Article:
34.Disclosed documents to be available at trial

If a party discloses a document, the party must have the document available at the trial.

Part 8  Answers to interrogatories

35.Order to answer interrogatories, application for (Act s. 16(1)(n))

(1)An application for an order under the Act section 16(1)(n) that a party must provide additional information by answering interrogatories must contain or be accompanied by a list of interrogatories that comply with subrule (2).

(2)An interrogatory must not seek information that —

(a)is irrelevant to the case; or

(b)is inadmissible in evidence under these rules or any other law; or

(c)cannot practicably be disclosed; or

(d)is sought so as to harass or annoy, or to cause delay; or

(e)is frivolous, vexatious, scandalous or improper; or

(f)is otherwise not genuinely required for the purposes of the case.

[Rule 35 inserted: Gazette 3 Jun 2008 p. 2128.]

36.Party must answer interrogatories when ordered

When a registrar or the Court orders a party to answer interrogatories, the party must lodge and serve an affidavit containing the answers within the period ordered by the registrar or the Court.

[Rule 36 inserted: Gazette 3 Jun 2008 p. 2128.]

37.Affidavit of answers

(1)An affidavit lodged under rule 36 must state that the answers are provided to the best of the deponent’s knowledge and belief.

(2)If a party objects to answering an interrogatory, the party must raise the objection, and state the grounds for the objection, in the affidavit.

(3)The affidavit must be made by the party personally.

[38.Deleted: Gazette 3 Jun 2008 p. 2128.]

Part 9  Pre‑trial conferences

39.Pre‑trial conference, listing of

(1)A claimant must request a registrar to list the case for a pre‑trial conference within 14 days after the claimant is served with a statement of defence.

(2)When a registrar receives the request the registrar must list the case for a pre‑trial conference and notify the parties in writing.

[Rule 39 inserted: Gazette 3 Jun 2008 p. 2128; amended: Gazette 30 Sep 2016 p. 4179.]

40.Pre‑trial conference, purpose of and registrar’s powers at

(1)The purpose of a pre‑trial conference is to give the parties an opportunity to settle the case.

(2)The registrar at a pre‑trial conference may do any or all of the following —

(a)determine what facts, if any, are agreed by the parties;

(b)order the parties to lodge and serve statements of claim and defence;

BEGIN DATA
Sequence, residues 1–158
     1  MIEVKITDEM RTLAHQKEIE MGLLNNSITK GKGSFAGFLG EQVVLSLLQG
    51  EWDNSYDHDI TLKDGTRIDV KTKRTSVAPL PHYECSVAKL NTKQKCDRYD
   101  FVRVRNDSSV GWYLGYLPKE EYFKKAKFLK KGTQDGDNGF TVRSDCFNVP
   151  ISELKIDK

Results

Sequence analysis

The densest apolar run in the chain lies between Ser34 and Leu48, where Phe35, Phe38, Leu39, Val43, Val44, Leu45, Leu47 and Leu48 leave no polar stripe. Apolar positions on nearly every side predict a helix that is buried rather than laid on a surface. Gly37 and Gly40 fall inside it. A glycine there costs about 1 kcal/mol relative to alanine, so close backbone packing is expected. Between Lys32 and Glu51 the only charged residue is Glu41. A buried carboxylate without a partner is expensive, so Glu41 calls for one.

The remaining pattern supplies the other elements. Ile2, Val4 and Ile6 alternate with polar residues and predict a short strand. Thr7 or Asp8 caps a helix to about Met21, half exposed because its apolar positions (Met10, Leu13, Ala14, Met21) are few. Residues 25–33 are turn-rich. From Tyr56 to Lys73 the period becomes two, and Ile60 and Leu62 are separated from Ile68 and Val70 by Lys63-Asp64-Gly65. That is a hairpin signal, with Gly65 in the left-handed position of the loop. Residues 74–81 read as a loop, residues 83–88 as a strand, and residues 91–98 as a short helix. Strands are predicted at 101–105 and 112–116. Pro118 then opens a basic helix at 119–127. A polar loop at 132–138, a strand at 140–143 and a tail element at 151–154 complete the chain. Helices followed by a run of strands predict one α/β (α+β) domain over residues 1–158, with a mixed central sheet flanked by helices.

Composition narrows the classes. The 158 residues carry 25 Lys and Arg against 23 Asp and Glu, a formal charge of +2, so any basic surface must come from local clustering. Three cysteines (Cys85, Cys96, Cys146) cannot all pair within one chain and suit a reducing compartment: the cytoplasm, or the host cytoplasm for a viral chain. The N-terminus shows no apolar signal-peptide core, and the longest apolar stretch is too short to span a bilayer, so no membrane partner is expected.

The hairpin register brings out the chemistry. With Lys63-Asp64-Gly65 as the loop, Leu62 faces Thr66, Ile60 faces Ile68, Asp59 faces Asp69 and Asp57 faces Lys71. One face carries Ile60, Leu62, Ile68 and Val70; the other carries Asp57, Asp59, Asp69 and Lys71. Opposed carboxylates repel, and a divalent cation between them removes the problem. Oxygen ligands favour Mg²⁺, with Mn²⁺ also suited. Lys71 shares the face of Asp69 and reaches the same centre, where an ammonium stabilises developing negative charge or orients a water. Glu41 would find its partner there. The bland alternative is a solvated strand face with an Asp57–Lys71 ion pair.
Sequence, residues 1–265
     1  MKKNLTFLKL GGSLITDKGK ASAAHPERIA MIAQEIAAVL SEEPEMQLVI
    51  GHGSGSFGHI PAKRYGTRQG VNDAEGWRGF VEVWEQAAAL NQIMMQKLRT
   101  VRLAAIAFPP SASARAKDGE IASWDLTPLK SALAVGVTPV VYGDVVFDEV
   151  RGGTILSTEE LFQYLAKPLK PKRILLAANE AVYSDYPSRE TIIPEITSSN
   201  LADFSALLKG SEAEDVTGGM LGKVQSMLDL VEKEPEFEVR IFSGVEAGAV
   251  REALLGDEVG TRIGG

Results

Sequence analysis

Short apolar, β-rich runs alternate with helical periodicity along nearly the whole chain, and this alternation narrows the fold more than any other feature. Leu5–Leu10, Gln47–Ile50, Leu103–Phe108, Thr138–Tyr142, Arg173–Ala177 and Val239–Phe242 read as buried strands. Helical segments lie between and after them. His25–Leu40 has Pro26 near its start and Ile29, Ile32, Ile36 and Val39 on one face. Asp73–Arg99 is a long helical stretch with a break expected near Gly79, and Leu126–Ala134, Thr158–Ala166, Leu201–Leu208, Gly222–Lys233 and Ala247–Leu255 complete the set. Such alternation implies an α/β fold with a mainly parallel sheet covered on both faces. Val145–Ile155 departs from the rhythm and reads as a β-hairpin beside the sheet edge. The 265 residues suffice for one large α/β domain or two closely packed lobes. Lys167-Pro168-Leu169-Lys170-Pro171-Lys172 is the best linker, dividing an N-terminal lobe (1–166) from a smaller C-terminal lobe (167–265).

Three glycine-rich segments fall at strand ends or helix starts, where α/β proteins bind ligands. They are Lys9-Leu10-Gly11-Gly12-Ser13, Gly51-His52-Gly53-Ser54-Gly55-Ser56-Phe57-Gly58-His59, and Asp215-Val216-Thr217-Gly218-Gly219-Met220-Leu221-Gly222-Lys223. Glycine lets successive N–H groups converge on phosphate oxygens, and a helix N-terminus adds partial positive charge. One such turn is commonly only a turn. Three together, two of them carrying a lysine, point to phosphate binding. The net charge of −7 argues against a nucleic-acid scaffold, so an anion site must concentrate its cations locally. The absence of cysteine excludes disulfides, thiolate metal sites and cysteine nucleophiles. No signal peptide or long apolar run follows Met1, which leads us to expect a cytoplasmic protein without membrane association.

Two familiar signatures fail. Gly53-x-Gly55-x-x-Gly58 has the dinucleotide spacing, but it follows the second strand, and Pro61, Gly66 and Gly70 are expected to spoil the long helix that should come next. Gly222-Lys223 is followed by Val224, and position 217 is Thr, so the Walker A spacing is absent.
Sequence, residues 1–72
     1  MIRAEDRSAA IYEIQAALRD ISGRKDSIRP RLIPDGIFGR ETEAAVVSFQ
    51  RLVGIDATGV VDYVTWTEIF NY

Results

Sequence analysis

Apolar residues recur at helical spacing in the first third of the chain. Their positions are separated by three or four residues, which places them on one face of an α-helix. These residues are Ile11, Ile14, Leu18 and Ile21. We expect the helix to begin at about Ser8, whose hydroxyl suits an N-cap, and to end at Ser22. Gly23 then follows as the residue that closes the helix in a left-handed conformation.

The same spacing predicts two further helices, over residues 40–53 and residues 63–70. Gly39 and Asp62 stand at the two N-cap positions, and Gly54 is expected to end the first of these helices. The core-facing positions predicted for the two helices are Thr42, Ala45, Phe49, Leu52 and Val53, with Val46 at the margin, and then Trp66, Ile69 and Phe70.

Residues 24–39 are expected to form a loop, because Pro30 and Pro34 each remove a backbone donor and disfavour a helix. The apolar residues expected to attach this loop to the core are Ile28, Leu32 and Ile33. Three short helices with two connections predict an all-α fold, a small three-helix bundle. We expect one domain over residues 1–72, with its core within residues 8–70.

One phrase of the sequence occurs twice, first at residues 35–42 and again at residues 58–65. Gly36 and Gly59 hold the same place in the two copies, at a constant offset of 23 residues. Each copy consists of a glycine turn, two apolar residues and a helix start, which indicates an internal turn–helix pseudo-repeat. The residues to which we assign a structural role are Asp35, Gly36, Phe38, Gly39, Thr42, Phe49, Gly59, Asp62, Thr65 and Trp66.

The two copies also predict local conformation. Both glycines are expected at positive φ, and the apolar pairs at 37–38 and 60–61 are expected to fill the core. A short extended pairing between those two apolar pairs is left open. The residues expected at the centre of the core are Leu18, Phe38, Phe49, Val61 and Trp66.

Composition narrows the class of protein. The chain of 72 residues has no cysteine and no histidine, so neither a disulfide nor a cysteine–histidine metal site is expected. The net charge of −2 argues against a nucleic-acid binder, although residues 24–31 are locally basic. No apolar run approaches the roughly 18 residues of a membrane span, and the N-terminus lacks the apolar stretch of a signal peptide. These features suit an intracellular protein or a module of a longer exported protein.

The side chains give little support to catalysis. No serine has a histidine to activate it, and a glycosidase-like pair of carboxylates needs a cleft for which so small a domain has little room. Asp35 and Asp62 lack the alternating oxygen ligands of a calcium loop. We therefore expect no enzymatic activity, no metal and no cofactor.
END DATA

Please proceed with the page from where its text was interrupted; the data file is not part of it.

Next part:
(ba)order what statements of claim or defence must contain;

(c)exercise the jurisdiction of the Court under the Act section 16(1)(a) to extend the time for making counterclaims or third party claims (even if the time for making those claims has passed);

(d)exercise the jurisdiction of the Court under the Act section 16(1)(m) to allow a party to amend its case statement;

(e)exercise the jurisdiction of the Court under the Act section 16(1)(n) to order the parties —

(i)to provide additional information by disclosing documents relevant to the case in accordance with Part 7; and

(ii)to answer interrogatories in accordance with Part 8;

(f)make any other orders necessary to facilitate settlement or ensure the case is ready for trial.

[Rule 40 amended: Gazette 3 Jun 2008 p. 2129; 30 Sep 2016 p. 4179.]

41A.Statement of claim, effect of order to lodge

If the registrar at the pre‑trial conference orders a party to lodge and serve a statement of claim, the party must do so in accordance with rule 7A(2) and (3).

[Rule 41A inserted: Gazette 30 Sep 2016 p. 4179.]

41B.Statement of defence, effect of order to lodge

If the registrar at the pre‑trial conference orders a party to lodge and serve a statement of defence, the party must do so in accordance with rule 10(2) and (3).

[Rule 41B inserted: Gazette 30 Sep 2016 p. 4179.]

41C.Counterclaim, objecting to (Act s. 9(4))

A claimant wanting to object under the Act section 9(4) to a counterclaim must lodge and serve the approved form.

[Rule 41C inserted: Gazette 3 Jun 2008 p. 2131.]

41D.Case statement, amending

(1)If a registrar or the Court allows a party to amend its case statement, the party must, together with the amended case statement, lodge and serve a statutory declaration in accordance with subrule (2) or (3).

(2)If the party is not represented by a lawyer, the statutory declaration must be made by the party and must state that —

(a)any new or amended allegations of fact in the case statement are true to the best of the party’s belief; and

(b)the case statement is not frivolous, vexatious, scandalous or improper.

(3)If the party is represented by a lawyer, the statutory declaration must be made by the party’s lawyer and must state that —

(a)the party has instructed the lawyer that all of the allegations of fact in the amended case statement are true and correct; and

(b)all the arguments raised in the amended case statement are, in the opinion of the lawyer, reasonable; and

(c)in the opinion of the lawyer the amended case statement is not frivolous, vexatious, scandalous or improper.

[Rule 41D inserted: Gazette 3 Jun 2008 p. 2131‑2.]

41.Attendance at pre‑trial conferences

(1)Unless a registrar or the Court orders otherwise, a party must attend a pre‑trial conference.

[(2)‑(3)deleted]

(4)If a party fails to attend a pre‑trial conference, the registrar at the pre‑trial conference may give default judgment against the party, and in that case Part 5, except rule 24, with any necessary modifications, applies in relation to the default judgment.

[Rule 41 amended: Gazette 3 Jun 2008 p. 2132.]

42.Further pre‑trial conference or listing conference may be listed

After a pre‑trial conference the registrar must either —

(a)list the case for a further pre‑trial conference; or

(b)in accordance with rule 43A(4), list the case for a listing conference,

and notify the parties in writing.